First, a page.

In a previous Display Daily, I claimed that the LED Cinema Era has Started. But what are the ramifications of this new technology entering a space that has so far been the exclusive domain of projection technology?
The new LED screen technology will offer HDR capabilities and a wide color gamut. But there are no cinema specs to describe what HDR in cinema means – whether from a production/mastering point of view; from a display point of view or a distribution point of view
Yes, Dolby Cinema offers a wider dynamic range and higher peak luminance than conventional theatrical content/projection, but this is a proprietary solution. A company called éclair is now promoting HDR cinema using Sony projection technology with a contrast of 8000:1 or so. Barco and Christie have cinema projectors that can reach 6000:1 contrast. But there is no HDR cinema specification for black level, peak luminance, diffuse white and how to use the luminance headroom. HDR also invites higher frame rates, but what is the minimum frame rate for a theatrical venue? And most importantly, how can one maintain the consistency of color across a range of displays with widely varying performance characteristics?
All the above issues – and many more – apply to the various flavors of projection HDR and they will apply to LED cinema as well. Creative professionals need to understand this new HDR pallete and help guide the specifications. Studios should want some standardization to minimize production costs and multiple versions.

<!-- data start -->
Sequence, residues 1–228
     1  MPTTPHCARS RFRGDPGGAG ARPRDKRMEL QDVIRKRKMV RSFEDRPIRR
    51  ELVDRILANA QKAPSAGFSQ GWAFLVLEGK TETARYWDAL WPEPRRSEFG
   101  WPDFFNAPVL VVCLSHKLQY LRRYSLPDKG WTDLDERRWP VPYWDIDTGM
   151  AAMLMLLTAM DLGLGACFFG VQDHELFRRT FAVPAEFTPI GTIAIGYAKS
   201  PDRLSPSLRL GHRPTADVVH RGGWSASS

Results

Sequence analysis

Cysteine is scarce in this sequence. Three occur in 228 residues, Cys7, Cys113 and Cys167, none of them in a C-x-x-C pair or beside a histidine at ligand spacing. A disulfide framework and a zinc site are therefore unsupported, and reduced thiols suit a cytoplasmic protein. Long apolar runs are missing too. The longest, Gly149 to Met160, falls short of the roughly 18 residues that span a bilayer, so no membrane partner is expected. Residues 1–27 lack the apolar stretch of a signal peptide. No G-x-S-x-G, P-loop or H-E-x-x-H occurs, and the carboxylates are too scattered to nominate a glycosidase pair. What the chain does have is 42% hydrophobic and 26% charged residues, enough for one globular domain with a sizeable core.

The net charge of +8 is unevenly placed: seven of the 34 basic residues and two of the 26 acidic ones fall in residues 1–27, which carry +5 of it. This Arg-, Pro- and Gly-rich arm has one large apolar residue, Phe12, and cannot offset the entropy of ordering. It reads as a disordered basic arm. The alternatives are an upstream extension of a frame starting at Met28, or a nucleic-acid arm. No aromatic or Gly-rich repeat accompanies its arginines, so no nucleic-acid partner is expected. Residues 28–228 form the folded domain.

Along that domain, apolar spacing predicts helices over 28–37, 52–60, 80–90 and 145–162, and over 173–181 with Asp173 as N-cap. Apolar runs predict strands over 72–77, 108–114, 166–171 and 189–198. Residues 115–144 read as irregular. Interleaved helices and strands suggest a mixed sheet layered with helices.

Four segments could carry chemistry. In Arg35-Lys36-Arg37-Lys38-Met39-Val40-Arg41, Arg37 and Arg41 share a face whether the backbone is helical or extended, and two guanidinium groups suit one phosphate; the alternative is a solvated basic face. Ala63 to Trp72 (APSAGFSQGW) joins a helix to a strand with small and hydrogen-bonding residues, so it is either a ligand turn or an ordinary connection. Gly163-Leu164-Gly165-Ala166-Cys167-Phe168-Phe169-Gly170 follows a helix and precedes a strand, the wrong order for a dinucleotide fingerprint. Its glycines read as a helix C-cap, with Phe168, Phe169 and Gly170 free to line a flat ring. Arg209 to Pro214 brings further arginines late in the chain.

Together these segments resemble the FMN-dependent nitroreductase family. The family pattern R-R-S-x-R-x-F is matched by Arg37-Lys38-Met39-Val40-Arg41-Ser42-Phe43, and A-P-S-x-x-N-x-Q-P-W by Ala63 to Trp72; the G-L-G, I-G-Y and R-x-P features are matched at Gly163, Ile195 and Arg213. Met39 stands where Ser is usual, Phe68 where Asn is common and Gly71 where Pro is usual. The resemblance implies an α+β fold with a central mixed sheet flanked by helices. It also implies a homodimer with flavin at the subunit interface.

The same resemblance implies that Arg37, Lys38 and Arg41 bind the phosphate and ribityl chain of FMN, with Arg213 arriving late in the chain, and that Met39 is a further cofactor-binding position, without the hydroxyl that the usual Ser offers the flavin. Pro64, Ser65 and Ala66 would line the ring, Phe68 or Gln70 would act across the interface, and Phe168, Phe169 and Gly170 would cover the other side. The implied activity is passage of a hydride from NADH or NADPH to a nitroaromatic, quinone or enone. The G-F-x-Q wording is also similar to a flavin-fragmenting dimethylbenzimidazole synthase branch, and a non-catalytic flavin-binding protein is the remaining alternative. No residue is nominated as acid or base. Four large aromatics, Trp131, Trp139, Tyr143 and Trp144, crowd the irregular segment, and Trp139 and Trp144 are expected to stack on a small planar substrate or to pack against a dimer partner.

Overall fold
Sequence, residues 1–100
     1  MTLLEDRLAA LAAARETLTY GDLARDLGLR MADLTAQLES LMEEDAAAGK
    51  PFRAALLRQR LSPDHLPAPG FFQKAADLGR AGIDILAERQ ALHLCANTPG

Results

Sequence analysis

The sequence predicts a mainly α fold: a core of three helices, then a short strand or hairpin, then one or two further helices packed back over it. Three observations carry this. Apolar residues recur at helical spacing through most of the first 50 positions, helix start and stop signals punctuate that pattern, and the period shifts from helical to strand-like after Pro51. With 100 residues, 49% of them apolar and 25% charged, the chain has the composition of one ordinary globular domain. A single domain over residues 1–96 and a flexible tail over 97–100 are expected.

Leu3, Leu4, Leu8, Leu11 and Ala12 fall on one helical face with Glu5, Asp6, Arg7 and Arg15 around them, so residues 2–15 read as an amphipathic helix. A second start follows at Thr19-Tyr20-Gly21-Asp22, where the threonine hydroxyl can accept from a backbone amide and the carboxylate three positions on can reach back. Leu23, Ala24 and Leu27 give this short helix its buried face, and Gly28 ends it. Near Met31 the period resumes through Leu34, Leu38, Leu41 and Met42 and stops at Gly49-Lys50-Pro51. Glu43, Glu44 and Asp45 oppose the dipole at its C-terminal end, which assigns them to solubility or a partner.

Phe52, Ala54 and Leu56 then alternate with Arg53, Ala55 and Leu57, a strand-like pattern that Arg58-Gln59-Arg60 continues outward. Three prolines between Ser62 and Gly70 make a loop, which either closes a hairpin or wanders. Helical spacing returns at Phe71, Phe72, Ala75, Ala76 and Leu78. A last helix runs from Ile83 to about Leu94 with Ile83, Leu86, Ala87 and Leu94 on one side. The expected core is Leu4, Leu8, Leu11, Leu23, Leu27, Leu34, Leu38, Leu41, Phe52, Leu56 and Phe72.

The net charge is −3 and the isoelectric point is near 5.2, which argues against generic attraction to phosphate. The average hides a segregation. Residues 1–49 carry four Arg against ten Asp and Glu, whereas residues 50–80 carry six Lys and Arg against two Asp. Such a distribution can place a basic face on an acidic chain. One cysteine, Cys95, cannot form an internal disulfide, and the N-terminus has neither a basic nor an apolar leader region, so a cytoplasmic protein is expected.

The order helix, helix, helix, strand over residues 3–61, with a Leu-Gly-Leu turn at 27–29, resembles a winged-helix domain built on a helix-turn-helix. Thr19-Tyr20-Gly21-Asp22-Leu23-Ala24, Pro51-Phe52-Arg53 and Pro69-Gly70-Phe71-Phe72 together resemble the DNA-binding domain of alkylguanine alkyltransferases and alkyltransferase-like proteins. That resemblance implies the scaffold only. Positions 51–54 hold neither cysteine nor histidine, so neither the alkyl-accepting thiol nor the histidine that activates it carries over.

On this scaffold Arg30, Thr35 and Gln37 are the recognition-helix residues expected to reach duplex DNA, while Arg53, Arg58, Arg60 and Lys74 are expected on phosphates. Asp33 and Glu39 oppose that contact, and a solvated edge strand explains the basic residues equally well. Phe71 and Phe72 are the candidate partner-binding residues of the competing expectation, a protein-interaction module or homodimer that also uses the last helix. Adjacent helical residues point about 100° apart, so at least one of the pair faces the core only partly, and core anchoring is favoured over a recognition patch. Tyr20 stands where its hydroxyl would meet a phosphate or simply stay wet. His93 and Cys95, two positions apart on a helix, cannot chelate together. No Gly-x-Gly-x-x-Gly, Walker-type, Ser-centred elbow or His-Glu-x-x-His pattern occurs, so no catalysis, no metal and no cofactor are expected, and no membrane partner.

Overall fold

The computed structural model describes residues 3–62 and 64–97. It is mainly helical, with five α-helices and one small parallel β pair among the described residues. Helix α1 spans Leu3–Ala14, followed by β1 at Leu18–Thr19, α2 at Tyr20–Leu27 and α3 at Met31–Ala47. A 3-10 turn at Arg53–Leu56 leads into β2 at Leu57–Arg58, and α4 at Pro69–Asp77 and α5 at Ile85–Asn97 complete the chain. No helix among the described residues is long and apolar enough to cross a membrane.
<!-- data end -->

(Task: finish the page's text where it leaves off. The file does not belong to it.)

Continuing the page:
Compounding the image quality standards issues are other concerns in the theatrical community. For one, the first digital projection installations are now nearing the point where exhibitors will be considering their replacement. These exhibitors need guidance on what technology to buy.
And, this next cycle will not have the benefit of the Virtual Print Fee business model to fund new display equipment. Exhibitors need to understand how they will be able to get a return on their investment as these new technologies become available. They will also need these technologies if they want to remain relevant. HDR is coming to consumer’s homes so it had better come to theaters as well.
I see four major stakeholders in the drive toward next generation cinema:
- the studios/major content creators;
- the creative community;
- the exhibitors; and
- the manufacturers.
Each group has a somewhat different perspective and requirements for how to transition to next generation cinema.
The problem is that there is no organization that is in a position to act as a neutral broker to help negotiate the future of cinema. As a result, I wonder if some sort of organization is needed to help develop standards for mastering, distribution and exhibition that can work with these industry stakeholders and other relevant organizations?
Such an organization might also help with compliance issues such as color consistency, HDR media block specifications and distribution standards.
Other key tasks include developing financial solutions to fund next generation cinema and the metrology to support compliance.
If you think such an organization has merit, please comment below or write to me privately. – Chris Chinnock
By the way, cinema industry consultant Michael Karagosian is having similar thoughts. See his insightful article Questions and Answers About HDR in Cinema